As for myself I'm saddened by the vitriol generated by both sides in these debates. While I have my own feelings on the issues it bothers me that there seems to be little discussion only posturing. There seems to be only "our way". For the traditionalists it's our way or we leave. I'm not sure how the church advances by splitting. I am also hearing from some traditionalists that they're NOT leaving even if the church does something that they think is absolutely wrong. I hope most, even all the traditionalists will take this position. We need all the parts of the spectrum (OK maybe not all, the extremes at BOTH ends can take a hike in my opinion).
I'm saddened by the feeling coming in. I'm apprehensive that some folks one way or the other will feel they have no choice but to leave. I also told the youth that they will spend the next 10 days standing firmly in the center of history being made. The world is paying more attention to our church than most days. What we do here will be marked if only for a little while. They will have the best view and perhaps even be given the chance to affect the outcome. I will pray for the youth and my church.
May God keep us all in the palm of his hand. May our ears be open to His words.

Wednesday, July 23, 2003

The path of many paths

I had someone bring up the question of "Does God know what's going to happen to us" again earlier. This is something that I've fiddled with for years, trying to balance an "All Knowing" God (which I believe) and Free Will (which I also believe). If we have the opportunity to hare off in any strange direction at the drop of a hat and we only decide at the last minute how can God know?
The image that came to me years ago was of me standing at the edge of a sheet of paper. Stretching out in front of me is a black line, a path. But the path begins to branch immediately and branch again and again and again. Each branch branchs again, and the branches cross one another repeatedly till the paper is a mass of black with only tiny flecks of white. Each branch or crossing is a decision or event. That decision or event offers the opportunity to move in a different direction. Each decision (voluntary or otherwise) closes off some branches but opens new ones. At the far side of the paper are the possible outcomes, good, bad and indifferent. I, standing only man height above the page can see some of the immediate surroundings, but I can not see all the possible outcomes or how to get there. God, resting in the traditional position of God - above, can see the entire page. He (pardon the anthropomorphizing, I was raised thinking of God as "him". I realize the limitations of that but it's kind of hard wired now. And the subject for a whole 'nother post) can see all the possible permutations. He knows where each choice may lead, can lead. He also knows where He would like to see me go. In the end it remains my choice. Which choice, which path eventually leading to which outcome.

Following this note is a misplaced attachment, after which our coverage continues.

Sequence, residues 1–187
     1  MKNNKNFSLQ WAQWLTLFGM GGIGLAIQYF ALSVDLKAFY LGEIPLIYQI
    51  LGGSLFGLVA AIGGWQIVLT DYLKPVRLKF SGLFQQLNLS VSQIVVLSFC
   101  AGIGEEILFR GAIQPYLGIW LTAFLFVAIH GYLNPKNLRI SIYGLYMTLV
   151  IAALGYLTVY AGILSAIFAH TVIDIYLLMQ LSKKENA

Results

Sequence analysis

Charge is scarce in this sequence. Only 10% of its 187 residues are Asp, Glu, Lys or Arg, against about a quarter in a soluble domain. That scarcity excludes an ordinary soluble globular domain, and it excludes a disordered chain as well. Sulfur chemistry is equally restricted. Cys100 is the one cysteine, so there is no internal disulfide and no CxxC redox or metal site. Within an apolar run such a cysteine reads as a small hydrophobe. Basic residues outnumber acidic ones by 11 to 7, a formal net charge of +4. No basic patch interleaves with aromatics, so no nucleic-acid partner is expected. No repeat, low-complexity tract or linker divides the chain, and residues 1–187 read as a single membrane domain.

Free Will and Absolute knowledge. All that's left? Deciding what to do next?

Monday, July 21, 2003

Just a week away!

One week from today I'll be winging off to General Convention, the national convention for my denomination. I've never been to one before and I'm a little nervous to be honest. For the 13 days it meets it is the largest bi-cameral(meaning two houses - Deputies and Bishops) governing body in the world. Beyond all the usual issues (who gets how much money) this GC will also face some controversial issues, verifying the election of an openly gay bishop and whether we should create a blessing service for same sex unions. Opponents of both are making loud noises that if approved they will leave the church and even threaten that our entire worldwide association may come apart. I hope they're wrong. Is this issue a struggle? Absolutely. Should it be the make or break for a worldwide communion? I just can't see it. But that's me. I'm glad that I'm just an official observer. Most people will leave me alone on the subject.
Over the two weeks that I'm there I will be posting thoughts, stories and reactions to what's going on. It will be a completely un official look, representing only my own point of view. I hope folks will stop by and leave comments as the time progresses. Not often that one gets to be at ground zero for history like this.
I'm looking forward to it.
In the meantime I have to figure out what I need to pack!